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Welcome To My West Coast, Mr. President

     It's always exciting to hear the President is coming to town.  President Obama will be in Hillsboro tomorrow as part of his journey to highlight all things educational, scientific and green/techie.  I will do my best to make the sun come out for him.  Help me out here, everyone.  Of course, we loyally proclaim our fondness for the rain, but really ... our little patch of the valley looks SO nice in the sunshine.

     I love thinking of the President at Intel, where so many of our members spend their days.  If you see him, say hello for me.

     Before arriving in town tomorrow (Friday), today the President is in my former stomping grounds, the San Francisco Bay Area.  Before  moving to Oregon almost twenty years ago, I lived in Berkeley, Oakland, San Carlos and Belmont.  It's too bad Mr. Obama won't make it up to Seattle after he visits us in Oregon.  If he did that, he could experience the entire West Coast expanse of my personal geographical history.  (The great thing about Seattle, where I grew up?  It makes Oregon seem oh so sunny.)

     You might have noticed that another fond personal locale is in the news this week, too.  Thousands have protested against state budget cuts and in favor of public employee union rights in Madison, Wisconsin, where Tom grew up and where we both went to college.  They filled the Capital Square where  my summertime memories include farmer markets, outdoor concerts, and the annual art fair.  I was also present on the same ground in my college days as political leaders came through town.  We gathered for rallies and sometimes made public statements about American foreign policy.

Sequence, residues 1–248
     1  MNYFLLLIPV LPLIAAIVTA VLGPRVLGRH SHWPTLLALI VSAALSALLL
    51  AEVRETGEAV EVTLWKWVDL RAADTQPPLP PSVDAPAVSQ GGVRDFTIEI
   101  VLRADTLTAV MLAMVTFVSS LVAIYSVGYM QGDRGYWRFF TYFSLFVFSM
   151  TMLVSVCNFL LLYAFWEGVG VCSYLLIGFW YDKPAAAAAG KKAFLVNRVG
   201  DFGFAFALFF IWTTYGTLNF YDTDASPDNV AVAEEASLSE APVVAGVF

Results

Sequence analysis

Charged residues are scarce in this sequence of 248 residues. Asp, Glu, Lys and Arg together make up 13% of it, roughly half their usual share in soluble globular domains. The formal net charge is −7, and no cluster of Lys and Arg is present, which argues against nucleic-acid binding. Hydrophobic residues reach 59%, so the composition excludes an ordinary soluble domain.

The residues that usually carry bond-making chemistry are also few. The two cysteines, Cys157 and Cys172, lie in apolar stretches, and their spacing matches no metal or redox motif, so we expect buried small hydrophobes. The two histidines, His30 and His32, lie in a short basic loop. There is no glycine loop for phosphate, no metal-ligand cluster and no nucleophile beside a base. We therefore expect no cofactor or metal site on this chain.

The thousands of people gathered on the Capitol Square today are not there for the sake of leisure, but rather for the sake of livelihoods, public services, and the right to organize as labor unions.  At one time Joanna worked in the capital, and her husband, George, still does.  Madison's drama may not reach the magnitude of Cairo's recent public demonstrations (see my sermon from last Sunday for my comments about that) but Tom and I are fixated on our old home town this week, and its vital connections to people that we love.

     Rev. Diane Dulin

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